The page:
At Netroots Nation ’10, Dan gave Harry Reid his West Point ring; the Senate Majority Leader said he would return it when DADT was repealed. Guess he’ll have that ring for a long while…

I was seated at the table with Dan at Netroots Nation when he prepared to go onstage and give Harry Reid his West Point ring. It was a dramatic moment that everyone knew would effectively lock the Senator into some kind of action, but Dan was nonplussed.

But to Choi’s mind, Reid’s gamble of attaching gay rights to a defense bill gave the Republicans a legitimate reason to feel shut out of the debate. So what happened in Vegas didn’t stay in Vegas.

“Harry Reid is a pussy,” Choi angrily said after the failed vote in the Senate last month, vowing to speak out about the Democratic leader, “and he’ll be bleeding once a month.”

That won’t get him a job as a Beltway mouthpiece, lol. Steven’s profile captures the Dan I have engaged with, a complicated, quite entertaining and in fact lovable (would he like me saying that?) young man who believes in social justice and is willing to pay the price to achieve it in ways most people don’t feel comfortable doing.

Choi says he lives out of a couple of bags and, being used to “falling asleep wherever you have to” in the military, he doesn’t seem to mind the nomadic life. “I’m in a relationship with the movement,” he says. “And in any relationship, sometimes you have to sleep on the couch. And sometimes, even with the movement, the couch is literally a couch.”

I was around him at Netroots not long after he heard about his discharge papers being issued; it was so uncomfortable, even painful to know that he was experiencing a rush of emotions long-suppressed about the prospect of this finality.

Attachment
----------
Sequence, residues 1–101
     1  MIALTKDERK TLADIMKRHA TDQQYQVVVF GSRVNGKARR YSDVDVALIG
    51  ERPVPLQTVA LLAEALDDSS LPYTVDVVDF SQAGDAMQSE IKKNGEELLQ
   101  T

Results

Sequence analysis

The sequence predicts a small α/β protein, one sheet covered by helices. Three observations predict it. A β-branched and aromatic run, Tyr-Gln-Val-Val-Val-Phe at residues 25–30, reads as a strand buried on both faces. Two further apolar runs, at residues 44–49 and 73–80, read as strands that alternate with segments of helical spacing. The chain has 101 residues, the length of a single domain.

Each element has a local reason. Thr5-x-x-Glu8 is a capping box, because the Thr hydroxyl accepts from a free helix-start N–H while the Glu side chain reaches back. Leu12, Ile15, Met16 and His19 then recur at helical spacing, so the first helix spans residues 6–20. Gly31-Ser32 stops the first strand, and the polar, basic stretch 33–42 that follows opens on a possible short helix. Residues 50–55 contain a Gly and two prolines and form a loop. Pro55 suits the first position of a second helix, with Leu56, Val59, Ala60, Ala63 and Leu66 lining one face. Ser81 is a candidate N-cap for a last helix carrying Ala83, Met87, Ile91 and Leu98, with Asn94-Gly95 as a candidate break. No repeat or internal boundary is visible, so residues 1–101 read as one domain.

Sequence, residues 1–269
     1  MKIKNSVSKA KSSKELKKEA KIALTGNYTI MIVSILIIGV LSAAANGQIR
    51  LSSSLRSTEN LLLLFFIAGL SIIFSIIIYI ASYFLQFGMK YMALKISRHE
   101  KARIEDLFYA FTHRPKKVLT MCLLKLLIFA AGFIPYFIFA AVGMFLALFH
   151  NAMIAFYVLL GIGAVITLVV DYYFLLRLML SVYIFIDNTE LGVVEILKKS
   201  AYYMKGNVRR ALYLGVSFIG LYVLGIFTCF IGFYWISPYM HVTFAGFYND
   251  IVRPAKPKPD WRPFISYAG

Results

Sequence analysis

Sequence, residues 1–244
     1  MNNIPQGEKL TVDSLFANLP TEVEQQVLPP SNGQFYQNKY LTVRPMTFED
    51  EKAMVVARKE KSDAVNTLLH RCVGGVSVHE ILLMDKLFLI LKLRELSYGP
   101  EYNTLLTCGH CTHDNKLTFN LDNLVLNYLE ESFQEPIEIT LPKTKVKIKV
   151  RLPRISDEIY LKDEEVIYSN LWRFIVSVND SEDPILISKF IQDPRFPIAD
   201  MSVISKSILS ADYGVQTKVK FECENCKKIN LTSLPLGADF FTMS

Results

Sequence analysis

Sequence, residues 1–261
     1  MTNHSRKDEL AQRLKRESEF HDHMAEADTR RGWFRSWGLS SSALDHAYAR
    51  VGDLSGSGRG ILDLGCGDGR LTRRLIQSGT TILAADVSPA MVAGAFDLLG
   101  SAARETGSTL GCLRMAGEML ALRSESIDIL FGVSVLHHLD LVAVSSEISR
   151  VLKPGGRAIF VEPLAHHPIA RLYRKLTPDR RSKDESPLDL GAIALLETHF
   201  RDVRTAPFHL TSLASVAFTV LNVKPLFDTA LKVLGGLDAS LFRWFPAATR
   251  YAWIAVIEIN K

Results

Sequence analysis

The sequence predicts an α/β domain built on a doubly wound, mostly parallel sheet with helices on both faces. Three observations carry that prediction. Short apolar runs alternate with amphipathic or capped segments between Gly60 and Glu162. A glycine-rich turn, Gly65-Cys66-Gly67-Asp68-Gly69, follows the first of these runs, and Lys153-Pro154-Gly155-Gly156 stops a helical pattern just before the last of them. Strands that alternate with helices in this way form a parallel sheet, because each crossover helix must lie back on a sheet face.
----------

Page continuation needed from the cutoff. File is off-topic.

“I just wanted to be alone, and I was in the belly of the beast, surrounded by every liberal blogger in America!” he says. With all eyes on him, he thought, “I have nothing else to give.”

Yet he continued to give, even doing TV and radio interviews in the wake of learning about his discharge papers while still in Vegas. Off-camera when I saw him milling about the hotel, he was very much a drained solitary figure in many ways. Those who accuse him of grandstanding or being a publicity hound could not be more off-base. He’s an articulate representative that you know will make the best case for equality when he goes on the air; and we need more Dan Chois to be visible and speaking truth to power — and using the mainstream media is how it’s done. We see too many of the same tired, talking heads who don’t have the experience, poise, and perspective Dan has. It’s not whether Dan should be on less, it’s that we need more diverse voices to counter not only the anti-equality mouthpieces, but the equally dreadful well-paid “conventional wisdomitis” sufferers who engage in embarrassing banter based on conversations in the bubble of the Beltway. You don’t have to always agree with Dan Choi’s rules of engagement, but he’s stepping up to take action with passion where others are content to attend cocktail parties and play it safe.

Anyway, Steven scores a win with this piece IMHO. It’s lengthy, so surf over and tell fellow members of the coffeehouse what you think of the profile.